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Sunday, March 06, 2011

Dominican Experience 2011 - Day Four Feb 21

Wally our driver for the day

Driving along the ocean front to Santo Domingo

We were up at 6am again today, today's trip was to the capitol of the Dominican Republic, Santo Domingo.  We were a little late being picked up this morning, and for this trip they brought along a few extra guides for the day so I actually ended up sitting in the front of the bus.  I was happy to find that our driver for the day was Wally!  He was our driver quite a bit last year too.  Well, sitting up front is certainly an eye opening experience!  Last year I think we were kept so distracted in the back of the bus with the music and dancing that I just never noticed just how INSANE the traffic is in the DR.  There seems to be no obvious rules of the road, unless they exist and are ignored.  Right of way seems to be whoever goes first or whatever is bigger... you just butt your nose in and go!  We definitely had what I would call some close calls Wally just laughed at me!

Crossing the bridge, the slum Simon Bollivar below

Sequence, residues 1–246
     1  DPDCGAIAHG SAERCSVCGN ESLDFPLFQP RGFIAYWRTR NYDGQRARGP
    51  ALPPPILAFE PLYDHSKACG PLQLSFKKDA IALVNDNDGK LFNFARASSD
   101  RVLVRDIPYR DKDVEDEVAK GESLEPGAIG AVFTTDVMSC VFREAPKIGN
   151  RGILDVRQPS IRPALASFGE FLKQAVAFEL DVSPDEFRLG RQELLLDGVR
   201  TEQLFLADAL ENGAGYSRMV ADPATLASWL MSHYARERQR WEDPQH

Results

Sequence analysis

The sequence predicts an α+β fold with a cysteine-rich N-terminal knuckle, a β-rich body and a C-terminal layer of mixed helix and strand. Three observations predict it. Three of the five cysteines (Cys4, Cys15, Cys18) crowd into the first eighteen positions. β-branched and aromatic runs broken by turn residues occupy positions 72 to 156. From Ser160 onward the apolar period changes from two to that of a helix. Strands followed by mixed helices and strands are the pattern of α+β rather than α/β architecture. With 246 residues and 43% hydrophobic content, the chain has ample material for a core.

House on top of house, on top of house, 60,000 in 2 square KMs

Our first half of the day was spent at Esquela De La Salle, a school at the top of the slums Simon Bollivar we would be visiting a little later.  We met with the same teacher who spoke with my group last year, he also visited my whole school in Canada last year and spoke to the students about just how valuable education is.  He told us about De La Salle how it was a school for the less fortunate who life in the slum.  He also told us about the technical school nearby where the students can move onto after graduating to learn trades such as computers, baking, electrician, and so on.  So there is hope, to get out of such poor conditions, if you can get to school and apply yourself.  In North America we're so fortunate, education a good and free education is just taken for granted.  That education can really change your life situation.